For Mighty Mouse has saved the day,
for Kathy, Kathy, Krakatoa Katy.
Mighty Mouse was not extraordinarily popular in theatrical cartoons, but was still Terrytoons' most popular character. What made him a cultural icon was television. Paul Terry sold the Terrytoon company to CBS television in 1955. The network began running The Mighty Mouse Playhouse in late 1955; it remained on the air for nearly twelve years (and featured The Mighty Heroes during the final season). Mighty Mouse cartoons became a staple of children's TV programming for a period of over thirty years, from the 1950s through the 1980s.
Despite the character's popularity on TV, Terrytoons produced only a handful of "Mighty Mouse" cartoons in the 1959-61 time frame; the company evidently believed that the existing library of "Mighty Mouse" episodes were enough to keep youngsters tuning-in to CBS every Saturday morning.
At least some early vinyl credits the original theme song to The Terrytooners, Mitch Miller and Orchestra, but recent publishing has generally credited The Sandpipers
The Many Origins of Mighty Mouse
It was fairly common for the writers of Mighty Mouse to change things about his back story often, since these were just short cartoons mainly composed of sight gags. Just what do we know about Mighty Mouse?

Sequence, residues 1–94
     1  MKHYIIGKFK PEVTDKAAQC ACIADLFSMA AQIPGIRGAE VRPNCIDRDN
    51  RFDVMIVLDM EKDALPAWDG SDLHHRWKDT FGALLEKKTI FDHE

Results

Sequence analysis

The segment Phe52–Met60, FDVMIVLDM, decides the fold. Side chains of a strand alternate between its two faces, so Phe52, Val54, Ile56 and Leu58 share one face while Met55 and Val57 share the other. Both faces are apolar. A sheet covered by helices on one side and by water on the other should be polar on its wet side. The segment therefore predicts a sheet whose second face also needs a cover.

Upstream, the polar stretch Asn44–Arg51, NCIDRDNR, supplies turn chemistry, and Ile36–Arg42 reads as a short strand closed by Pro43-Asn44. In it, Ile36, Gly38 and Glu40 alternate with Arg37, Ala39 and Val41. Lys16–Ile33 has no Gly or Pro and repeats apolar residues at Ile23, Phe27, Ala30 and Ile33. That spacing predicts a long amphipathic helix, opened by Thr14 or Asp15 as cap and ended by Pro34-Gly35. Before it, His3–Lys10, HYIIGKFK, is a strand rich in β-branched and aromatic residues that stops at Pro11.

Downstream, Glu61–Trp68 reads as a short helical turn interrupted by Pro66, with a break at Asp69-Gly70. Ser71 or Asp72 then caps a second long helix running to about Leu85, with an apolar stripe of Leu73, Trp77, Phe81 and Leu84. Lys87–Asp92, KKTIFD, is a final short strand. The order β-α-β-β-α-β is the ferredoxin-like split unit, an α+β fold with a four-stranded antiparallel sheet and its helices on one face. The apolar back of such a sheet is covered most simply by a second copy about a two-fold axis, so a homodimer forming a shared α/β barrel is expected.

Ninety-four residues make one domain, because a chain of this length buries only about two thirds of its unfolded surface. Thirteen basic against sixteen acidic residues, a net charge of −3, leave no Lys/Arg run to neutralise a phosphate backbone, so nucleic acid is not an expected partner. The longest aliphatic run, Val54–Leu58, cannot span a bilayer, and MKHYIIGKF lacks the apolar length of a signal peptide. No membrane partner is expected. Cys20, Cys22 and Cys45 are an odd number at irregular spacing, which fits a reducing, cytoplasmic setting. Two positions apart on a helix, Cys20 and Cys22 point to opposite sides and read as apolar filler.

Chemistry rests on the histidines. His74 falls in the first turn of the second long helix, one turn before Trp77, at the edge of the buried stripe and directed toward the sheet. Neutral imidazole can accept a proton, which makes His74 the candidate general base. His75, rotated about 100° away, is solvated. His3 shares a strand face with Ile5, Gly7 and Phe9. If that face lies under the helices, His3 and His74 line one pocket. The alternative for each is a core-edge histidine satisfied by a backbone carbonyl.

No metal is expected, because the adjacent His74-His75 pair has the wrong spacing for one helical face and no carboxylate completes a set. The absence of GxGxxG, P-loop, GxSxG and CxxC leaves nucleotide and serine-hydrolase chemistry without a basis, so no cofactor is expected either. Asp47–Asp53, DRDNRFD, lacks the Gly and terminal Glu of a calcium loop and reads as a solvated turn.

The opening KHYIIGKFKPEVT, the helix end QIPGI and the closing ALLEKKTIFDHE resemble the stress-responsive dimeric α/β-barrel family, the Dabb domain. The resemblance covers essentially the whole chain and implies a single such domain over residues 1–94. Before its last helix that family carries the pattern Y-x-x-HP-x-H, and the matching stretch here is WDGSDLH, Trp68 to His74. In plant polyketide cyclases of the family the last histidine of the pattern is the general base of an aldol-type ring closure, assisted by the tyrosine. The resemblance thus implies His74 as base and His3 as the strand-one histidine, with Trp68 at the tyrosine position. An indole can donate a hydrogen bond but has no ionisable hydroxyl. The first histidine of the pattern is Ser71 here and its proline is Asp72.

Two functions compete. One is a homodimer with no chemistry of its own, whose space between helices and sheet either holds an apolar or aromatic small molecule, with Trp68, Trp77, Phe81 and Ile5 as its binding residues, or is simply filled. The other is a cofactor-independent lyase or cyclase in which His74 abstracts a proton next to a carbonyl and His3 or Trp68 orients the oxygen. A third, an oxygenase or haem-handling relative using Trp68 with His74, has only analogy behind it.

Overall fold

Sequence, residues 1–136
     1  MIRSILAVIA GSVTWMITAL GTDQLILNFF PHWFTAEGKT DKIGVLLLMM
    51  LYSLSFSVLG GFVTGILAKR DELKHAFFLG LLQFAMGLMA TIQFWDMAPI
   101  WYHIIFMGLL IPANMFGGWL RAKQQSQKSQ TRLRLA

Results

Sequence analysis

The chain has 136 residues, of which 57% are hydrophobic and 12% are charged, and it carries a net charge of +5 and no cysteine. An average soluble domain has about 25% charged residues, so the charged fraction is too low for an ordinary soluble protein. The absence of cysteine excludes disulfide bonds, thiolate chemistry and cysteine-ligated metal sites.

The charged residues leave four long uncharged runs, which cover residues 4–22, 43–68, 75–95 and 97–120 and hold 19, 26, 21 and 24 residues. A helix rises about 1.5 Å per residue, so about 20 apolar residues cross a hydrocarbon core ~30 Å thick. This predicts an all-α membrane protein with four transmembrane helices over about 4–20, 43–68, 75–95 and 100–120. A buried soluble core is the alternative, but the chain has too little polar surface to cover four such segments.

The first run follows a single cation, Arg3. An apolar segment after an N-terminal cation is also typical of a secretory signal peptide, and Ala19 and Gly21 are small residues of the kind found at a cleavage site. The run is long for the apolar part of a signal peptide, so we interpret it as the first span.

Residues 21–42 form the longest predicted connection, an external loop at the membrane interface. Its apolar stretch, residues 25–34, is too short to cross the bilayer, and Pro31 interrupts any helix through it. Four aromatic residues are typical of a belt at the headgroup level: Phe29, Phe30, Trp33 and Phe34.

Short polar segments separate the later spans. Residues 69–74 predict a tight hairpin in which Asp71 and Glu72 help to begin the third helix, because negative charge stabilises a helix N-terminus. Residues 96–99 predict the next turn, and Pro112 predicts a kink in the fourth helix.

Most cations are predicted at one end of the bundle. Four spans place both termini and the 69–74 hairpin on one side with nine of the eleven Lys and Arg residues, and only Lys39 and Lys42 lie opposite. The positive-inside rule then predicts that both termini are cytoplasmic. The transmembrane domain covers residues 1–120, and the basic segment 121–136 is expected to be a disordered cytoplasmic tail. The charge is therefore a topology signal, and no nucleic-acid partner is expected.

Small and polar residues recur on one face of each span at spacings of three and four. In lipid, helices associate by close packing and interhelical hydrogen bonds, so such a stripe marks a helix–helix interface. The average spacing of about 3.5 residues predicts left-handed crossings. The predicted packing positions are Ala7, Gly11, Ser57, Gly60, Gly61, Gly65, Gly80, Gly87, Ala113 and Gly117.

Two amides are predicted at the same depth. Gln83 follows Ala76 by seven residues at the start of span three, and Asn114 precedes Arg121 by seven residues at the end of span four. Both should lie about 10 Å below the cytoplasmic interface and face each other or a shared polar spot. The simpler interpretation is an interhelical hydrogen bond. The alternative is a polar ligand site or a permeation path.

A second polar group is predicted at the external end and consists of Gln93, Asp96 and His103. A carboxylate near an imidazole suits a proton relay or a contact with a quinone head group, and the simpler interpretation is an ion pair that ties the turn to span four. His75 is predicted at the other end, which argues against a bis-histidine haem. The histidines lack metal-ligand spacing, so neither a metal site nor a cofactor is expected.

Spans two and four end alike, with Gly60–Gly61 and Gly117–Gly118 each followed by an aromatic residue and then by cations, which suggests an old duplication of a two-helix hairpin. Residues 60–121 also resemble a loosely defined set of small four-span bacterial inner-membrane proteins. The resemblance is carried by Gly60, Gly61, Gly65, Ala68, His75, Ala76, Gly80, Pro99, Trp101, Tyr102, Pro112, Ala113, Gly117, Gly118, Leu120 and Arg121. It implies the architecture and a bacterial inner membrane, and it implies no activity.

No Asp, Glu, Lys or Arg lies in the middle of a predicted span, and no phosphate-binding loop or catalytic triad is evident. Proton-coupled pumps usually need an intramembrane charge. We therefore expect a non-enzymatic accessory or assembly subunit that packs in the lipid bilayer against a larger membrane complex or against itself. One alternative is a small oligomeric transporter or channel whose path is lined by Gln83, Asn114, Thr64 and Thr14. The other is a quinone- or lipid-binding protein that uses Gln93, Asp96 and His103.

In his first cartoon, "The Mouse of Tomorrow" (1942), Mighty Mouse is an ordinary mouse who gets his super powers from eating foods at the super market. Later, in the cartoon "He Dood it Again" (1943), they still stick to this story, saying that Mighty Mouse (Super Mouse) lives in the super market.
But supermarkets do get boring, and in "Pandora's Box" (1943) he was given another origin. As the ordinary boyfriend mouse of Pandora "long, long, ago", he takes vitamins A, B, C, D, E, and XYZ to become Mighty Mouse (Super Mouse).
Most of the time, Mighty Mouse's origin is ignored. But one recurring element is where and what time period Mighty Mouse lives. Unless we're told otherwise, we're supposed to assume that Mighty Mouse is fighting evil in present-day America. But in some cartoons we're told the story takes place "long ago" in some undeterminable time period in some place of western civilization such as a big city, a little town or a quaint little forest. "The Pirates" (1945) is unique, because Mighty Mouse lives in the jungle like a Tarzan-styled adventurer. Later in "Bad Bill Bunion" (1945) Mighty Mouse is in the Old West. The funny thing about this is when Bad Bill Bunion reprises his role in "The Jailbreak" (1946), him and Mighty are in present-day. In fact, in the latter cartoon, Bad Bill is pursued by the U.S. Army, Navy, and Air Force, but it is Mighty Mouse who captures him! "Krakatoa" (1945) finds Mighty Mouse in a tropical locale.
Mighty Mouse was not extraordinarily popular, but he did become a cultural icon after Paul Terry sold the Terrytoon
cartoon library to broadcast television. Mighty Mouse cartoons became a staple of children's TV programming for a period
of over thirty years, from the 1950s through the 1980s.